Witnesses 'pick those they dislike'
Witnesses may point the finger at a suspect in a line-up simply because they do not like the way they look, scientists have said.
Psychologists Dr Hartmut Blank and Dr Jim Sauer, of the University of Portsmouth, have been awarded £100,000 to examine what may influence people when picking out a possible perpetrator in an identification parade.
Their initial research suggests that people are more likely to identify line-up members they dislike and less likely to identify someone they like.
They say that such decisions are automatic and spontaneous rather than thought out.
Dr Blank, a specialist in memory and the effect of social influences on how and what we remember, said: "It's natural that we don't enjoy creating trouble for someone we like by identifying them as a perpetrator.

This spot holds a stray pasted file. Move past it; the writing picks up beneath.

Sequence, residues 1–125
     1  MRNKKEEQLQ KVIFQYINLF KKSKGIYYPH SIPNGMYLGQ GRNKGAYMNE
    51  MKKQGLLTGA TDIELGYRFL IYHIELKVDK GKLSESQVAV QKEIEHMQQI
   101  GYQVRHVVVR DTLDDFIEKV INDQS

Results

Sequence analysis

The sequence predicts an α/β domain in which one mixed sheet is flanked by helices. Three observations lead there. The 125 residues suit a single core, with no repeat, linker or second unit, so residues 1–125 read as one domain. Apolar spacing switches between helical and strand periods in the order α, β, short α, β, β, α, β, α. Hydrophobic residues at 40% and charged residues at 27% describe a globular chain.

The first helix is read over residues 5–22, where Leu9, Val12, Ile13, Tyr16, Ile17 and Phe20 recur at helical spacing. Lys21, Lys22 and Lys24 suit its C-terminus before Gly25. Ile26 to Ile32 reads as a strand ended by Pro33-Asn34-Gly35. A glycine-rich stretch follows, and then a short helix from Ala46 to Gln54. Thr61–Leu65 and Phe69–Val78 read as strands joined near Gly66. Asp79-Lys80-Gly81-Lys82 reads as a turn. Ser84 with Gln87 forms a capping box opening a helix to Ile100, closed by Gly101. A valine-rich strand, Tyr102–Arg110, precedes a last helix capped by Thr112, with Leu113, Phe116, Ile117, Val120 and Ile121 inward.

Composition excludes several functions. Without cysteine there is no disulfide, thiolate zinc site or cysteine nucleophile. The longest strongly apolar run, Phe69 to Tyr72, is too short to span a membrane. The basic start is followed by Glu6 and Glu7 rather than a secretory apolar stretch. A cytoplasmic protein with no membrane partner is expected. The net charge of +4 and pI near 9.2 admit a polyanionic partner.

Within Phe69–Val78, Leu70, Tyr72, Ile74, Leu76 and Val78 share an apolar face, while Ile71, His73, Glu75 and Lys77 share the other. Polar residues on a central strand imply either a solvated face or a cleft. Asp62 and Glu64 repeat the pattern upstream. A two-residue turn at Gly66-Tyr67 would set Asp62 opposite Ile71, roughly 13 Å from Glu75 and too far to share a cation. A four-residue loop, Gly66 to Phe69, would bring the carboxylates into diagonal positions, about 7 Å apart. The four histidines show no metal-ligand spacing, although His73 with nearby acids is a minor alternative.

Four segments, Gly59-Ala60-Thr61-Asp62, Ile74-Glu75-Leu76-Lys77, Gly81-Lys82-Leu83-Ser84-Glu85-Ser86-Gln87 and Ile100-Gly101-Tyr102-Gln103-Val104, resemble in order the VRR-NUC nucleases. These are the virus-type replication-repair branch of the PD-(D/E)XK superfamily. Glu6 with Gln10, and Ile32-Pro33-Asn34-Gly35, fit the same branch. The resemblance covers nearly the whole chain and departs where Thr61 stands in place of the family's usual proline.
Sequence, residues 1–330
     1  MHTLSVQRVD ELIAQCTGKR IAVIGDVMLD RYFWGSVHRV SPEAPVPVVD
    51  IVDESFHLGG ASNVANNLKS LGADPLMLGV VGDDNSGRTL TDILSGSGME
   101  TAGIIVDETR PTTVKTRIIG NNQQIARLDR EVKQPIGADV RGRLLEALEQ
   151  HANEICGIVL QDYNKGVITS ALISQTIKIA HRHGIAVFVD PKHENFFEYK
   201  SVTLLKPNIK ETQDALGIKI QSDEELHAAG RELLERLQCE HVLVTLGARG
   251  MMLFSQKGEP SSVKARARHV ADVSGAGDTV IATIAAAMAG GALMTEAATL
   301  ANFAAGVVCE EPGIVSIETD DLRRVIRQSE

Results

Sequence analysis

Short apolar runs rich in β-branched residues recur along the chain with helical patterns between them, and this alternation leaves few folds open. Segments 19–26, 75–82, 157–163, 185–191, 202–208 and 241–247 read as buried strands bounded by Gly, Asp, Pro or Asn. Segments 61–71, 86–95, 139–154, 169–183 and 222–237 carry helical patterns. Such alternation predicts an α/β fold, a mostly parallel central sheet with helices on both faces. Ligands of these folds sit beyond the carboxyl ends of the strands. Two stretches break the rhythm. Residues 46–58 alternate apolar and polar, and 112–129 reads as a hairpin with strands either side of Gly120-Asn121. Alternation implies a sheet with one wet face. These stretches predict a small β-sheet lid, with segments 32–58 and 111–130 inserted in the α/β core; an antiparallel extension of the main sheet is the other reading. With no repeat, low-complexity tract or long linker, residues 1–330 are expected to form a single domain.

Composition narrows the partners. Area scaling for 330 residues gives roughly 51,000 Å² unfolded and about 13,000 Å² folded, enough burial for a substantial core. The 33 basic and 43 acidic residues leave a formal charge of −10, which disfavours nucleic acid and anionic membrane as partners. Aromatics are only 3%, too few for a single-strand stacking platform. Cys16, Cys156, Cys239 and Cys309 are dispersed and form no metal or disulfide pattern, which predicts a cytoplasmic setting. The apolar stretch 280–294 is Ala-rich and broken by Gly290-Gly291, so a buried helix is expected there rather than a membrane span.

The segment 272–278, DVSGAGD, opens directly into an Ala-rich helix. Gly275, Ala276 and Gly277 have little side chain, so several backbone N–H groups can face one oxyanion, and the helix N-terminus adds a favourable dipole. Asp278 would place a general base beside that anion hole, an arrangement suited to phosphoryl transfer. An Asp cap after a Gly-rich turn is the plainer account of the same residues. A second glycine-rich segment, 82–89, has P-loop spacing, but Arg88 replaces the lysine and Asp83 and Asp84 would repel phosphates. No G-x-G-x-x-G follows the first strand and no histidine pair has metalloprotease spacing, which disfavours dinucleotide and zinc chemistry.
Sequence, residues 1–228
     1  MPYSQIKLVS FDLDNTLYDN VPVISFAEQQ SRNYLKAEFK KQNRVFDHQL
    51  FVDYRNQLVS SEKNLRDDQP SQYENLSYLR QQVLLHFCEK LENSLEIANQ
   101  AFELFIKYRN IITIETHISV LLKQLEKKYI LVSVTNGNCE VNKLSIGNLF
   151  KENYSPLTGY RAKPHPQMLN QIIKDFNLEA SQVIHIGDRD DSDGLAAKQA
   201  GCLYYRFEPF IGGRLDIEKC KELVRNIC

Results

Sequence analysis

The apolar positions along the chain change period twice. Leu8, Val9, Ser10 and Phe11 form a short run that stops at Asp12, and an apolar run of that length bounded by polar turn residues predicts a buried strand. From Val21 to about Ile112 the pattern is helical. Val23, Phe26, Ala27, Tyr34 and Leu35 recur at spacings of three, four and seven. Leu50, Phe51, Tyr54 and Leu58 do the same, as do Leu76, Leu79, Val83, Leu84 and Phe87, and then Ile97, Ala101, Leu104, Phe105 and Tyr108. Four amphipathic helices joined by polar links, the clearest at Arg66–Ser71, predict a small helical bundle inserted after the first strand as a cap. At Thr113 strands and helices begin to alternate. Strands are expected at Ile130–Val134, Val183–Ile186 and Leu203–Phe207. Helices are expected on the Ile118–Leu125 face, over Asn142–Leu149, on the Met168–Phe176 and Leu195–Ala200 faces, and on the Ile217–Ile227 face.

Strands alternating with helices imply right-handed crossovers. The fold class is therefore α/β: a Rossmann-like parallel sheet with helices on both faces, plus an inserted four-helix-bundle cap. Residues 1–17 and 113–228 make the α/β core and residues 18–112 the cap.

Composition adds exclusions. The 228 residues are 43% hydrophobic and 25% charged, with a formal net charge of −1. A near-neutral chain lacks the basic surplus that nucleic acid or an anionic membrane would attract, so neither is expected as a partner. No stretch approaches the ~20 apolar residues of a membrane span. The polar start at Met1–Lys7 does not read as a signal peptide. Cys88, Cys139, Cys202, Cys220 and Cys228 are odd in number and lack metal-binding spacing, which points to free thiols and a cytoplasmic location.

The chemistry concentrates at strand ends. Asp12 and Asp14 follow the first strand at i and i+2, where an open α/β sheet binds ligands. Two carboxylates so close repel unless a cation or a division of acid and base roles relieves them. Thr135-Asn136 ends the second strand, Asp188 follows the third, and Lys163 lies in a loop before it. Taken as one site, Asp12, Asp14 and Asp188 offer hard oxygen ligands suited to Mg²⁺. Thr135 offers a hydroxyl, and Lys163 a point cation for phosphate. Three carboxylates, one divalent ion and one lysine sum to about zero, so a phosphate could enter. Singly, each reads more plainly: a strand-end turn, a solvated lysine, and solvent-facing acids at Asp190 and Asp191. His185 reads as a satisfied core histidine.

"The feeling of liking can definitely influence judgment.
"The liking bias is a subtle effect though otherwise the justice system would have long been aware of it."
Dr Sauer said that this "liking bias" might be behind a growing number of documented cases in which mistaken identifications contributed to the convictions of people who were later proved innocent through DNA testing.
He said: "The legal system finds eyewitness identification evidence compelling but it has contributed to many wrongful convictions over the years.
"Eyewitness error represents a significant cost to society and criminal justice system."